About half of Americans (54%) report currently taking a prescription drug, and a large majority of them (72%) say their prescriptions are very or somewhat easy to afford. However, about a quarter (24%) say paying for their drugs is difficult, and the share facing difficulties rises among those with low incomes (33%) or currently taking four or more prescription drugs (38%), and is highest for those in fair or poor health (43%).
These are among the findings from the August Kaiser Health Tracking Poll, which expands on findings from earlier this year looking at prescription drug costs. The new poll finds strong majorities of the public support a wide range of policy actions to lower the costs of prescription drugs. At least seven in 10 support each of these four potential policy changes:
Fewer (48%) support changes to encourage consumers to use low-cost drugs by charging them a larger share of the costs when they choose a higher-cost alternative.
Majorities view each of these changes as likely to be effective at reducing drug costs, ranging from 81 percent who say requiring public disclosure about how drug companies set prices would be effective to 57 percent who say so about charging consumers more when they choose high-cost drugs over lower-cost ones.
Most of the public (62%) says that prescription drugs developed in the past 20 years have made lives of people in the U.S. better, including 42 percent who say a lot better. Far fewer say they have made them worse (15%) or say they haven’t made much difference (19%). However, the survey also finds a large majority of the public view the cost of prescription drugs as unreasonable (72%). Similar shares say that drug companies make too much profit (73%) and that they are too concerned about profits and not concerned enough about patients (74%).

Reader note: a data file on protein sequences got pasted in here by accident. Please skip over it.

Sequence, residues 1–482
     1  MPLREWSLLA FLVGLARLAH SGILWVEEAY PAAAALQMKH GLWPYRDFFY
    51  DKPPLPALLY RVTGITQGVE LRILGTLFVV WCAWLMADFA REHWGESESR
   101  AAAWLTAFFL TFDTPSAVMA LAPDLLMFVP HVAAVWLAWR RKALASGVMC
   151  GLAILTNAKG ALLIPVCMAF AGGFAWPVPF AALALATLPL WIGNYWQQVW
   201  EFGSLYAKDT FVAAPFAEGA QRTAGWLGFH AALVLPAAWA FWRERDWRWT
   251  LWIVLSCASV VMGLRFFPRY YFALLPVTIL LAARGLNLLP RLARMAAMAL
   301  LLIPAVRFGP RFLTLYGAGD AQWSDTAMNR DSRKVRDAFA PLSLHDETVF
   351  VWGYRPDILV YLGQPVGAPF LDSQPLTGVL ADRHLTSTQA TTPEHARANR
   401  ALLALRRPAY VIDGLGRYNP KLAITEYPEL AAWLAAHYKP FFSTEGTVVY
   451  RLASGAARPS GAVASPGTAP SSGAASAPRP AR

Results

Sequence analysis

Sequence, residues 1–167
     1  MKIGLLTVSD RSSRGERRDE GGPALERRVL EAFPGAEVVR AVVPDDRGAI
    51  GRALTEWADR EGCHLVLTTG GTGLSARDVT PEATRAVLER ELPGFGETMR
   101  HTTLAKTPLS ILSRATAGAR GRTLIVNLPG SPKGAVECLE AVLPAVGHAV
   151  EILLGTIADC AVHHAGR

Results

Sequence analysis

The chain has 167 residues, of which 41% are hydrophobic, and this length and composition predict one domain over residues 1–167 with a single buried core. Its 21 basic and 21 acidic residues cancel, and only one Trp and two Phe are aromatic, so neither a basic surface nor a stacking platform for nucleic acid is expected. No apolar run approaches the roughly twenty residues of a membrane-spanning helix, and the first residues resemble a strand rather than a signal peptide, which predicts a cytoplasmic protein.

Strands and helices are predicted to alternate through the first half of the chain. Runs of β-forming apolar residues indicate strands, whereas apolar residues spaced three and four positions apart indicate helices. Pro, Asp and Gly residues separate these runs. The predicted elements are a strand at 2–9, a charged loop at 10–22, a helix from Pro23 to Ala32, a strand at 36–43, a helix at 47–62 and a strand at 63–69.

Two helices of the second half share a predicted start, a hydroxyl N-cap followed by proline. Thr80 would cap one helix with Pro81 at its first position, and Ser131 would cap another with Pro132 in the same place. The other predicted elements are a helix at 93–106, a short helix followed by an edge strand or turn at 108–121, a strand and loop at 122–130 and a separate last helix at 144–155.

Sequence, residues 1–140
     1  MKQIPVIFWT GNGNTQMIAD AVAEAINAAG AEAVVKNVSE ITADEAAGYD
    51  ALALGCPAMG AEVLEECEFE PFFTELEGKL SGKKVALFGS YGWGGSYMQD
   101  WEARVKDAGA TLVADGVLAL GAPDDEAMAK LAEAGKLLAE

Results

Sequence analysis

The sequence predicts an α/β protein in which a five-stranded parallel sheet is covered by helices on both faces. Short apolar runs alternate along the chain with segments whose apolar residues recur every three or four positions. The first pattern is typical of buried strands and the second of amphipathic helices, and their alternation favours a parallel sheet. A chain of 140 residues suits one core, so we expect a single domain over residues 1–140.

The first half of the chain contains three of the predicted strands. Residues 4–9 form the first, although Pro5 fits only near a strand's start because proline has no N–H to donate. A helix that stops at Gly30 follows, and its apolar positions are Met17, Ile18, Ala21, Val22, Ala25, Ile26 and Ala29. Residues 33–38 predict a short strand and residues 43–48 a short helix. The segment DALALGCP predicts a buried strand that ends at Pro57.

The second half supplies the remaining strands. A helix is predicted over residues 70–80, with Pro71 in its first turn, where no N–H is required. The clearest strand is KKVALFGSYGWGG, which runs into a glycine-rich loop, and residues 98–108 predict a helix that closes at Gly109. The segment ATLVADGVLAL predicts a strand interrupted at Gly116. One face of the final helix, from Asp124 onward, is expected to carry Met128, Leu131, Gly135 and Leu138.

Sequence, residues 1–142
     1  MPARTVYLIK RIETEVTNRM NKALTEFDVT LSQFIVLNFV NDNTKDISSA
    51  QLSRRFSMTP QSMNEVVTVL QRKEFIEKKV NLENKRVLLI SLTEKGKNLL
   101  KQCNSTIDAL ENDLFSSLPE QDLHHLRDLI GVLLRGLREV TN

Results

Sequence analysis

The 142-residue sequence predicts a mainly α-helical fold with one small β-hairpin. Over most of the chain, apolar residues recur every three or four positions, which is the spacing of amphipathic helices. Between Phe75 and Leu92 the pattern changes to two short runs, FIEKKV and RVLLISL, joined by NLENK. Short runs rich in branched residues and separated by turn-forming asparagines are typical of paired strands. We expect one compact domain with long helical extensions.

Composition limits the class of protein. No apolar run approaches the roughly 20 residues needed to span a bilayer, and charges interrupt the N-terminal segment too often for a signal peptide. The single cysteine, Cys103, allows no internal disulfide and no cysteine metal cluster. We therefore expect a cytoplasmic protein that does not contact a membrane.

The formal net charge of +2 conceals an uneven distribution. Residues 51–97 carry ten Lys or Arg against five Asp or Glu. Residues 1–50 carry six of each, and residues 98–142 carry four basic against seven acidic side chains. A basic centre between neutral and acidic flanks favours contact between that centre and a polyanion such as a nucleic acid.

The survey also assesses the public’s perception of pharmaceutical companies in comparison to other industries. Among the public overall, 42 percent hold a favorable view of pharmaceutical companies, similar to the share holding a favorable view of oil companies (40%) and health insurers (44%) but smaller than the share saying so about doctors (78%), food manufacturers (58%), banks (58%), and airlines (55%).
The August poll also continues tracking opinion on the ACA:
The poll was designed and analyzed by public opinion researchers at the Kaiser Family Foundation and was conducted from August 6-11, 2015 among a nationally representative random digit dial telephone sample of 1,200 adults. Interviews were conducted in English and Spanish by landline (480) and cell phone (720). The margin of sampling error is plus or minus 3 percentage points for the full sample. For results based on other subgroups, the margin of sampling error may be higher.